By Anne Marie O’Connor
Even if you recycle and (usually) remember to bring your reusable shopping bag to the supermarket, you probably still generate a lot of garbage: food containers, water bottles, those pointy flats that were in for a minute in 2015, the yoga pants that have gotten perilously see-through.
Yet some people—higher beings—are managing to live a zero-waste lifestyle, i.e., they generate slightly less trash than your average amoeba. Their inspirations are varied. “I saw a video about this woman who fit all her trash for three years into a mason jar,” says Meryl Pritchard, the owner of Kore Kitchen, an organic meal-delivery service in Los Angeles. “I thought, there’s no excuse why I can’t live the same way.”
Stevie Van Horn began thinking about the forest and how it’s being affected by over- flowing landfills and greenhouse gases. “Since then I’ve dedicated my actions to be more beneficial to our earth,” says Van Horn, a New York-based activist and the creator of the tradingwasteforabundance.com website.
“I had to give up some things I love,” she re- ports, “but not throwing anything away brings me joy. It’s a direct vote for a clean future.” Getting organized was key. “Buying totes, cloth produce bags and other things made it so much easier! Before I leave the house, I ask myself, do I have my keys? Wallet? Glass jar and produce bags?”
Pritchard did what she calls “a classic cleanse,” donating everything plastic in her home to a women’s center. She replaced them with things that were either second-hand or sustainably made, like a wooden cutting board and a stainless steel bowl.
She also went zero-waste at her food delivery business. Besides composting all her food scraps, “we switched from plastic bottles to glass, even though the glass bottles are 90 percent more expensive. (Many customers return them.) Instead of clamshell containers for our food, we switched to compostable bagasse containers, which are made of a bio- degradable byproduct of sugarcane.”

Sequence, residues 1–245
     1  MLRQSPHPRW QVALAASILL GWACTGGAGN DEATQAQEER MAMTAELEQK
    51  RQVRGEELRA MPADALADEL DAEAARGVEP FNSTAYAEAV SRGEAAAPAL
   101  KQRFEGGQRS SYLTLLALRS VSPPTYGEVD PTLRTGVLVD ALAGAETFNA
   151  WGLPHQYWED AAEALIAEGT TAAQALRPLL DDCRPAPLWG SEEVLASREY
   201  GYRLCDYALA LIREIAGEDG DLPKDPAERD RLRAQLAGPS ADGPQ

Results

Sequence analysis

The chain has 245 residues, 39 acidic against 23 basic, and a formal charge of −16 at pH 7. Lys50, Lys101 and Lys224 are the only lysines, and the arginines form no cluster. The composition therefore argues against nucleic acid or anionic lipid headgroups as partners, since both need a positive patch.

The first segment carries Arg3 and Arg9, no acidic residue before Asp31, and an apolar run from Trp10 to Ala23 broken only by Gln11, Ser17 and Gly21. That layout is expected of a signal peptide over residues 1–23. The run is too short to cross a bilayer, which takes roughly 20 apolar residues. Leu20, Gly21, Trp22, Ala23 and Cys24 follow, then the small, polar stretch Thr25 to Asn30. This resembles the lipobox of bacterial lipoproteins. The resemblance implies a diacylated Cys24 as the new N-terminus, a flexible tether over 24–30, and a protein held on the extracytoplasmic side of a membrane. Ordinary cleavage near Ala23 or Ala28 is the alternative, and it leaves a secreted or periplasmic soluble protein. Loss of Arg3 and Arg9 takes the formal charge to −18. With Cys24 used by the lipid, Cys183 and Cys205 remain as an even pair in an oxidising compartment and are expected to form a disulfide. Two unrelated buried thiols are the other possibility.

Admittedly being zero-waste is not always easy. “The most challenging thing to give up
is blueberries!” says Van Horn. “I buy them in the summer at the farmers market (she brings a mason jar to transport them), but other seasons they come in plastic. But then I think about how the plastic will be still around when my great-great-grandchildren are alive and I don’t miss blueberries anymore!”
She emphasizes not beating yourself up if you do end up with a plastic bag or pizza box. “Our economy is built to throw things away, so mistakes will happen. Just try your best.”
Van Horn’s favorites include Simple Ecolo- gy reusable produce bags, Life Without Plastic stainless steel food-storage con- tainers, a Brush with Bamboo toothbrush, Dental Lace refillable floss and a Hydro Flask water bottle.
Pritchard’s must- haves include a Keep Cup reusable coffee cup, Package Free To-Go bamboo cut- lery and a Life With- out Plastic tiffin (an Indian metal lunch box) that she uses
for takeout. She also makes her own tooth- paste (using coconut oil, baking soda and peppermint essential oil), and household spray (using white vinegar, water and essential oil).